Live it, don’t diet – A look at Intensive Behavioral Therapy
“Lose 30 pounds in 30 days!” the tabloid magazine headline screamed at me at the grocery store right after Christmas. I was waiting behind a woman with enough groceries to feed a third world country, so I picked up the rag and began to read it.
“I bet it says to cut off your head,” the man behind me in line said. That started us on a discussion about weight loss that was far more interesting than the magazine’s assertion that by following their plan one could watch their weight drastically reduce.
The man looked to be in fairly good shape. I’m not good at judging ages, but would guess him to be around his late 60s early 70s. Maybe I flatter him.
“I lost 85 pounds in the last year and a half,” he said. “My doctor said that if I didn’t lose some weight, I’d be dead in five years.”
I didn’t ask of what, we were strangers after all. I did ask him if he was familiar with the Medicare program called Intensive Behavioral Therapy.
“Familiar? I’m their poster child in Arizona,” he said with a laugh. “You know it’s not a quick-fix diet, don’t you? It’s a total change in lifestyle and I’m now so much happier than I was then. I get out of the house more. I’m now walking the golf course. It’s all so very good.”
I’ve written before about this program that’s free of charge to those who qualify for Medicare, but, it’s been a couple of years. The only rule is that you have to have a body mass index (BMI) over 30 and you must be committed to attending the sessions. Your doctor will sign off on your participation in the program that’s given at Bonner General Health.
You know as well as I do that obesity can lead to many conditions and diseases that can potentially shorten your life and often can make your day-to-day living a living hell.
“An estimated 97 million adults in the United States are overweight or obese, a condition that substantially raises their risk of morbidity from hypertension, dyslipidemia, type 2 diabetes, coronary heart disease, stroke, gallbladder disease, osteoarthritis, sleep apnea and respiratory problems, and endometrial, breast, prostate, and colon cancers,” a report published by the National Institute of Health says.
You know if you’re obese. You know how you feel. You are the one who has to make the decision to change your lifestyle – not just your eating habits – to improve your health.
Mary Kaiser is the registered dietician that administers the IBT program at BGH. I reached out to her, because I was curious to know what success stories she had about the program. She told me that currently she has seventeen people enrolled and, of course, there’s room for lots more.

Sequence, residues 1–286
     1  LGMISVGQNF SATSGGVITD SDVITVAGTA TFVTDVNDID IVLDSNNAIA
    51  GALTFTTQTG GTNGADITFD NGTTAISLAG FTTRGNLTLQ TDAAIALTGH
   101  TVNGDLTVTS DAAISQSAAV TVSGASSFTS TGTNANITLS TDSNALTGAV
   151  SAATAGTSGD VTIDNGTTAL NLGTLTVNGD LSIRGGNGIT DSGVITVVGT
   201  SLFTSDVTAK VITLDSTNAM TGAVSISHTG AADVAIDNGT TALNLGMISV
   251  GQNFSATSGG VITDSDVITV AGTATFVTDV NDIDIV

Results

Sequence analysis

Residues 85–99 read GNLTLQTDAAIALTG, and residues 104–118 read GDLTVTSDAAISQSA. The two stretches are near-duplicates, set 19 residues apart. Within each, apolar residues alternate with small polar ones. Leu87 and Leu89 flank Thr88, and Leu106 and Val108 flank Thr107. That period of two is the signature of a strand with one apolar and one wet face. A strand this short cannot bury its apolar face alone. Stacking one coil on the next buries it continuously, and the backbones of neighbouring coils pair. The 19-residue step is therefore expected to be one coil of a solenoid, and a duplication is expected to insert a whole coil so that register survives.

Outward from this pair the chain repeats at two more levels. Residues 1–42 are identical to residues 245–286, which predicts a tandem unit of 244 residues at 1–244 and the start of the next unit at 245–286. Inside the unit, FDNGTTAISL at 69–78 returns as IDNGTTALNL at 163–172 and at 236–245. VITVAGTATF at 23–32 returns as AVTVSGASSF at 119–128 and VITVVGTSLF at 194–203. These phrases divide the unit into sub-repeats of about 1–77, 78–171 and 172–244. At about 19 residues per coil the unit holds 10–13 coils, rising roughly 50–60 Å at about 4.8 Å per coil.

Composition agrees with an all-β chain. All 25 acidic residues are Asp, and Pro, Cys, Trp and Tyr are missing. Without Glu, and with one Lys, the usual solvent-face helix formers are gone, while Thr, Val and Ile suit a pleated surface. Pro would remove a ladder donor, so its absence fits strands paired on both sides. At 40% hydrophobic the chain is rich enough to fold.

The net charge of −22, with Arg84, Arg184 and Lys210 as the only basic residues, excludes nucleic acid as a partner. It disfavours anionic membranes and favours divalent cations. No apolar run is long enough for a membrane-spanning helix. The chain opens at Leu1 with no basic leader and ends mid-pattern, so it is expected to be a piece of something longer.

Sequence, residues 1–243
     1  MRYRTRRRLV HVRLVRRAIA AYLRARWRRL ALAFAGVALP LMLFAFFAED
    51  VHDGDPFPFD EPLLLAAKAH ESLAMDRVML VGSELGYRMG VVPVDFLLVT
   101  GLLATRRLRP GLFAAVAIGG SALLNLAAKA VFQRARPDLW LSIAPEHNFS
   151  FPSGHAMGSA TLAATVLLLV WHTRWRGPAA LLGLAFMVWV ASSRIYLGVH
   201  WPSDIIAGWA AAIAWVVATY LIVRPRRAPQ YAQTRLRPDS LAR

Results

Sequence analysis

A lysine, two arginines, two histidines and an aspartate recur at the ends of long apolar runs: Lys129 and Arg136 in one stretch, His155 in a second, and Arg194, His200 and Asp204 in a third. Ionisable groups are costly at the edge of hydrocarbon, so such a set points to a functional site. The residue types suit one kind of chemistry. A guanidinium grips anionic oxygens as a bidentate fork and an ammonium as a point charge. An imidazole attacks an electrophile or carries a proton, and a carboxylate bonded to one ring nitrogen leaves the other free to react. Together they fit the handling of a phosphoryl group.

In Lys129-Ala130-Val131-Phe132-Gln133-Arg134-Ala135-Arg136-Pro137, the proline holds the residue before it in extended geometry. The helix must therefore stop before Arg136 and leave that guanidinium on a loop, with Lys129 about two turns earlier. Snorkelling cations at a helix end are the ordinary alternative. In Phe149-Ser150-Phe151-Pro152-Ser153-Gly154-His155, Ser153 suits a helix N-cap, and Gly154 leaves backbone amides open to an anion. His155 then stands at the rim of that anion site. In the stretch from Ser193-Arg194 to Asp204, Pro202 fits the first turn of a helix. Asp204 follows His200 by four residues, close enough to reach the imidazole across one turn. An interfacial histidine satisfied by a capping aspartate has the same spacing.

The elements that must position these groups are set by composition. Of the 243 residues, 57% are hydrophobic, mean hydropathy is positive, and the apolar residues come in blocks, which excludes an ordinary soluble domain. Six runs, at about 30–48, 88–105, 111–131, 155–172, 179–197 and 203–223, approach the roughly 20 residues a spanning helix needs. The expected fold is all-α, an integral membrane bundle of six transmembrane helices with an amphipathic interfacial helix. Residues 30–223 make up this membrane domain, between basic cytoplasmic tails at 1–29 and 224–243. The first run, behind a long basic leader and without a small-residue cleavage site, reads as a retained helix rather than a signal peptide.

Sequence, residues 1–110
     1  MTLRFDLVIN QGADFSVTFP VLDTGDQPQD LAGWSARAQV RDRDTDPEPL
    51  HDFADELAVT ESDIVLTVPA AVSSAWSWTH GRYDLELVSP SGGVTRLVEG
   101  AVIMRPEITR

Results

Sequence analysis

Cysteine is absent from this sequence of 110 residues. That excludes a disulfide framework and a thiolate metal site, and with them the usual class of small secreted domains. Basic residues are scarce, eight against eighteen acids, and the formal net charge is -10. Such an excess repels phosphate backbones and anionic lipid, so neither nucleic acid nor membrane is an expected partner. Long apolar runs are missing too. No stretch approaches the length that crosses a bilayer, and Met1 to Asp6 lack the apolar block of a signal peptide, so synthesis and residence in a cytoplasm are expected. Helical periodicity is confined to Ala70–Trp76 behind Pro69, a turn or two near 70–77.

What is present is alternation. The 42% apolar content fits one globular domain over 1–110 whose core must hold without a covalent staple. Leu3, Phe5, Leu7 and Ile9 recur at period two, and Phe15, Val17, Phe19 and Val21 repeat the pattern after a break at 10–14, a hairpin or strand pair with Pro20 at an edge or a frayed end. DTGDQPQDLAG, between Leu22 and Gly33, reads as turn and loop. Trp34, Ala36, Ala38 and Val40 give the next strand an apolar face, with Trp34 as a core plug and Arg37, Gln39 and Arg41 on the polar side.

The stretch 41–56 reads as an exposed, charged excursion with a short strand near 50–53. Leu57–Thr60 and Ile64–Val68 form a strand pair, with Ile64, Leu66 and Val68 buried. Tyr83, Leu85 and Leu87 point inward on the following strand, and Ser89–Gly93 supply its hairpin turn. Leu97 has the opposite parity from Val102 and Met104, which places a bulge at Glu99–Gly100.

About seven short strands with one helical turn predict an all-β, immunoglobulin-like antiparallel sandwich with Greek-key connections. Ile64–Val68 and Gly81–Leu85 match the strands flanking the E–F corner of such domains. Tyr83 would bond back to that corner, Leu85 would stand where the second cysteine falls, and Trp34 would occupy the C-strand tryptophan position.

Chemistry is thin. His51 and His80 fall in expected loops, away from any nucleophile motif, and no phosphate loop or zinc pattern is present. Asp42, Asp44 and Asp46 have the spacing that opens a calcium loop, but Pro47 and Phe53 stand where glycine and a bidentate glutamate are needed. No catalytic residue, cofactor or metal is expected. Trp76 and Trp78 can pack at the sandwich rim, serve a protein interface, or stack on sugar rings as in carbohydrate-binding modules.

“I have one patient who is five months into the program and has lost 22 pounds in preparation for knee surgery,” Kaiser said. “I have another patient who lost 55.8 pounds in twelve months and has kept it off for two years. He is attending round two since he isn’t below 30 BMI and has lost almost four and a half pounds in his first two weeks.”
Wow! If that isn’t success, I don’t know what is!
“IBT is not a diet. It is a lifestyle change that they should be able to see themselves doing for the next 20 or 30 years,” Kaiser said. “Sessions are once a week for four weeks, then every other week until six months. The patient must lose 6.6 pounds in the first six months to continue.
“If they have lost the 6.6 pounds then I meet with them once a month until the one year point. Sessions are short,” she said. “They’re only fifteen minutes.”
So, imagine spending just a quarter of an hour a week for a month and watching the number on the scale go down and along with it your risk for potentially life-threatening disease not to mention looking and feeling better.
It’s your choice. Read the stupid magazines in the grocery store or give yourself the chance to lead a healthier life. Maybe Intensive Behavioral Therapy will be just what the doctor ordered!
Kathy Hubbard is a member of Bonner General Health Foundation Advisory Council. She can be reached at firstname.lastname@example.org.